How long can you stay in house during foreclosure?


The final step in a mortgage foreclosure is a public sale of the property. Until that sale, the homeowner has every right to full possession of the property.


Attorney Tom Olsen: Brad, you're on News 96-5 Go ahead.

Brad: Hey, how's it going? Long story short, I own a house I purchased about 11 years ago. It has ended up going into foreclosure.

Attorney Tom Olsen: All right.

Brad: Recently I found that the foreclosure sale is cancelled. It never went through. There's a certain entity paying the taxes on the house for the last four years. How many years do they have to do that before they can take over possession?

Attorney Tom Olsen: Okay.

Brad: The house is still deeded to me and my name.

Attorney Tom Olsen: When you pay real estate taxes on somebody else's piece of property, you get what's called a tax certificate. That tax certificate will begin accruing interest. Once you own that tax certificate for two years, you can apply for a tax deed. If you apply for a tax deed and if it is successful, that will make you the owner of the property and make it free and clear of all liens and encumbrances including mortgages.

The answer is two years Brad, but realistically, your lender's not going to let it go because your lender's mortgage lien would be wiped out if they let this tax deed go forward.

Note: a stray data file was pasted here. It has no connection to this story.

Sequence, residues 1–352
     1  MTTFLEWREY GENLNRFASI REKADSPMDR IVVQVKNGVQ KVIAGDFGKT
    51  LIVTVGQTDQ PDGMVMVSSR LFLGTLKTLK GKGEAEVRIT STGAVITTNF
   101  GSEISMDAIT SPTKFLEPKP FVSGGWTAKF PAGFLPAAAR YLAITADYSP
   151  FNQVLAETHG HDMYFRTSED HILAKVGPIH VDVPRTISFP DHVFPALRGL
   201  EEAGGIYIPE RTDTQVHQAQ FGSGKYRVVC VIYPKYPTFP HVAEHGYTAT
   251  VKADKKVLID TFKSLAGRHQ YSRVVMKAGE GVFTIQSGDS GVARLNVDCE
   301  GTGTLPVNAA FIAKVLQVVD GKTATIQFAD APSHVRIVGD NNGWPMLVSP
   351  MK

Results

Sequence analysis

Brad: Okay. My ultimate goal as circumstances have changed for myself over the years, I'd like to be back in the house. Do I have any options as far as that goes?

Attorney Tom Olsen: Well Brad, the property is still in your name. You have 100% rights to be in that house unless you've leased it out to a tenant.

Brad: Right, so I have it.

Attorney Tom Olsen: Brad, you can move back in there and in a mortgage for closure, as you might realize now, the very last step is a sale on a courthouse steps. The sale becomes final 10 days after that. That is when you've really lost title, you no longer own it.

Brad: Let's say I was scheduled and cancelled about three years ago, and there's been no further action in the past three years.

Attorney Tom Olsen: Well that means you still own it Brad, so feel free to move back in.

Brad: I appreciate that. Yes, that was my question. If there's any legal ramification to moving back into it.

Attorney Tom Olsen: No, you have every right to do so. By the way, when I say sale on a courthouse steps, I mean back in the old days, they used to literally have sales on the courthouse steps. Mortgage foreclosure sales now happen online. You can bid online.

Chrissy: The internet.

Attorney Tom Olsen: Yes, the internet.

Chrissy: It's all on the internet.

Attorney Tom Olsen: Exactly. All right, thank you Brad for calling. Hey folks my name is Tom Olsen. the name of the show is Olsen on Law. You're listening to News 96-5.